Picture by Sarah Seltzer
Momentum has been building in the movement to end stop-and-frisk, but many were still amazed at the size of the crowd Sunday.
A Father’s Day crowd that some estimated to be as large as 50,000 marched in silent protest on Sunday afternoon in NYC, letting Mayor Michael Bloomberg and Police Commissioner Ray Kelly know, in no uncertain terms, that they've had enough of the NYPD's policy of stop-and-frisk, a racial profiling tactic that has resulted in the illegal arrests of tens of thousands of young black and Latino men.
While the movement to end stop-and-frisk has been growing, many were amazed at the size of the crowd Sunday. The march included the National Association for the Advancement of Colored People (NAACP), the 1199 Service Employees International Union, and the National Action Network, as well as community organizing from groups like VOCAL-NY, the grassroots stop-and-frisk coalition and LGBT-rights groups. Organizer Leslie Cagan told AlterNet that more than 300 groups endorsed the march. The outpouring of solidarity, she said, shows that, “The people are ready, and the time has come.”
The march, led by luminaries like Ben Jealous, head of the NAACP, and Al Sharpton, included families of all races and stretched from East Harlem, the sixth highest neighborhood for stop-and-frisk, all the way down 5th Avenue to East 79th St., close to Mayor Bloomberg's townhouse. At the end of the march a rowdy group gathered near the Bloomberg residence and some scuffles erupted between protesters and police. The NYPD made a handful of arrests.
Stop-and-frisk most often targets young men, and the Father’s Day march was full of dads who wanted to protect their children from the degradation of a suspicionless stop.
New Yorker Derek Perkenson told AlterNet he marched with his young children to help them build an understanding of social justice. “I want them to know what’s going on, to know the truth despite the propaganda we see on TV,” said Perkenson, who said he knows firsthand what a stop-and-frisk feels like. “I’ve been stopped and frisked many a time,” he said, “and it feels like a violation, it feels embarrassing. They still treat you like a criminal, even after they find nothing on you.”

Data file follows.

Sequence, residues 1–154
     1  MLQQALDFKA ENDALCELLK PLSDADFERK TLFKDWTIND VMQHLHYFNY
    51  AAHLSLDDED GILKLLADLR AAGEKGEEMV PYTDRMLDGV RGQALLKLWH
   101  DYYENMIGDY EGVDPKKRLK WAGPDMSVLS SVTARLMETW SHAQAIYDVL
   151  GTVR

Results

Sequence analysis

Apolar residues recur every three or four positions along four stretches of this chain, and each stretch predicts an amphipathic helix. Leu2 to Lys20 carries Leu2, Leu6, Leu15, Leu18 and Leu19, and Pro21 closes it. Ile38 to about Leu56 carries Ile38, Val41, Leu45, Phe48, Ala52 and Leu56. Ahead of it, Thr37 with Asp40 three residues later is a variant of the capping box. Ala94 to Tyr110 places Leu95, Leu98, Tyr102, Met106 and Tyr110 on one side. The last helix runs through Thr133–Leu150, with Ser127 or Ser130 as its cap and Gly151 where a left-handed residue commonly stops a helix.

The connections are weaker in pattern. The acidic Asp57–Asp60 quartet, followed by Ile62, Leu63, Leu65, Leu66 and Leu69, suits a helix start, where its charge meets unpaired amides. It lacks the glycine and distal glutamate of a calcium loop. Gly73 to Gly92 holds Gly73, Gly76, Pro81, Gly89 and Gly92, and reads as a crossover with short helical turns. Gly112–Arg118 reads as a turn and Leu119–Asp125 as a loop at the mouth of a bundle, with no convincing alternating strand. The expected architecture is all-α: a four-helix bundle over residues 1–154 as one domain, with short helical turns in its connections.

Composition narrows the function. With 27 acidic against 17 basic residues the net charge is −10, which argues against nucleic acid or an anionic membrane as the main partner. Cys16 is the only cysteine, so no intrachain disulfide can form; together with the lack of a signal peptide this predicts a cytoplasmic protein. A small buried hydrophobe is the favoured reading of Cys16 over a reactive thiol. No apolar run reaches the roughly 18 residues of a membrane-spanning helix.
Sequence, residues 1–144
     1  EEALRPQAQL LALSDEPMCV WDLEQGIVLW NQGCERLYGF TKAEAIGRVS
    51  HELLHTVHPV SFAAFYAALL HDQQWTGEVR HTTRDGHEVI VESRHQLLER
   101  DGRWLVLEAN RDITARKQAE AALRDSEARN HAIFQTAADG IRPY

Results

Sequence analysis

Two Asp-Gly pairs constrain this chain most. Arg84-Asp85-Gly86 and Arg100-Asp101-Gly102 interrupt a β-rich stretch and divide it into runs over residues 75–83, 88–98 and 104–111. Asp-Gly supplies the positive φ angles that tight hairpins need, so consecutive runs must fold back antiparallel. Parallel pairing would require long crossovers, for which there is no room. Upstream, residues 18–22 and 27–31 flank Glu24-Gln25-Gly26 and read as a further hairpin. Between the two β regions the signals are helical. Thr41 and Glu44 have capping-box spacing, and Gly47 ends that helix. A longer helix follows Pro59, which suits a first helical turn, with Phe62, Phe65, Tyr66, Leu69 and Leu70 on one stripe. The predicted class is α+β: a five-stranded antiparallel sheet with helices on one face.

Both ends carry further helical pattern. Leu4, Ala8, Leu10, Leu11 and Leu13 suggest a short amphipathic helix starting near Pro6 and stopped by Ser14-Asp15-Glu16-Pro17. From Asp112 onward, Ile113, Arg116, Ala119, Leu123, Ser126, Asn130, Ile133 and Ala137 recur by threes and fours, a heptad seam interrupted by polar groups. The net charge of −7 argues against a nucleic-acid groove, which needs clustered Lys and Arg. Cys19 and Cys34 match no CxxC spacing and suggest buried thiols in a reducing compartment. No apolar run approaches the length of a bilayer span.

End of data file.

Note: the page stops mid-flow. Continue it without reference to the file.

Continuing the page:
“My kids are black,” Perkenson added, “So they probably will get stopped and frisked one day, but maybe we can do something positive before that happens.”
Stop-and-frisk has risen 600 percent since Bloomberg took office and the NYPD is on track to stop 800,000 people this year. Media attention surrounding the stunning increase of stop-and-frisk and overwhelming data that the tactic does not effectively meet its goal of uncovering guns, has pushed public opinion toward reform.
President and CEO of the NAACP, Benjamin Jealous, explained to AlterNet that Sunday’s march is rooted in the long, historic struggle for racial justice. “In 1917 we called for a national, silent march down 5th Avenue to call for a national movement to end lynchmob violence. In 2012 we called for the silent march down 5th Avenue to call for a national movement to end racial profiling. Last time we had to start in the South; this time we had to start right here in the city.”
Jealous explained that New York’s massive Father’s Day march is of national importance. “The Trayvon Martin case, the Ramarley Graham case, are all very much of one piece, where our young men and boys simply are vulnerable,” Jealous said. “And so while we have to end stand-your-ground [laws], if we’re really going to stop the Trayvon Martins, the Ramarley Grahams, the Rodney Kings of the world from happening, we have to end racial profiling. This movement won’t end until stop-and-frisk is over,” said Jealous.
Jealous was not the only one to mention Graham, an 18-year-old the NYPD shot and killed in the bathroom of his home, just feet away from his grandmother and 4-year-old brother. A large contingent of supporters marched alongside the Graham family. Ramarley Graham’s mother, Constance Malcolm, told AlterNet that her son would still be here if it weren’t for racist policing. “Ramarley was a young, black man, and racial profiling and stop-and-frisk is a part of his death. It caused him to die,” Malcolm said. She said that while it is hard for her family to spend their first Father’s Day without Graham, she felt good to be a part of a larger movement. “It’s Father’s Day and Ramarley’s not here with his father. It shouldn’t have happened. it didn’t need to be, but it is. And that’s why we’re here. We're not asking for justice, we’re demanding it,” Malcolm said.
Malcolm is determined to prevent other families from experiencing her heartbreak. “This doesn’t just affect Ramarley. It affects all young black and Hispanic men. Ramarley’s gone, and I’m fighting for the others who are left here,” she told AlterNet. “This march goes to show that we can be united as one people to make changes, because the law has to change.”
Kenneth Chamberlain, Jr., whose 68-year-old father was killed by the NYPD in November, said he marched to show support for the Grahams. His father, Kenneth Chamberlain Sr. was a retired corrections officer and former Marine who had accidentally triggered his medical alert device. The NYPD refused to leave his home after he told them he did not intend to call them.
“They took the door off the hinges, they fired a Taser at my father, shot him twice with a beanbag shot gun, and then fired a fatal shot in his chest and killed him,” Chamberlain, Jr. told AlterNet. “Today is the first Father's Day that my dad is not here, so it’s very hard for me, but I can’t think of anything I would rather be doing than to show honor to him. if I can stay focused, I won’t feel so sad,” said Chamberlain, a father himself. “Ending stop-and-frisk is the jumping-off point. You have to start somewhere, and it’s evident stop-and-frisk is racial profiling.”
Grassroots stop stop-and-frisk organizer Joe LaSalle told AlterNet that he is thrilled to spend Father’s Day with a different family, one united to end racism in the NYPD.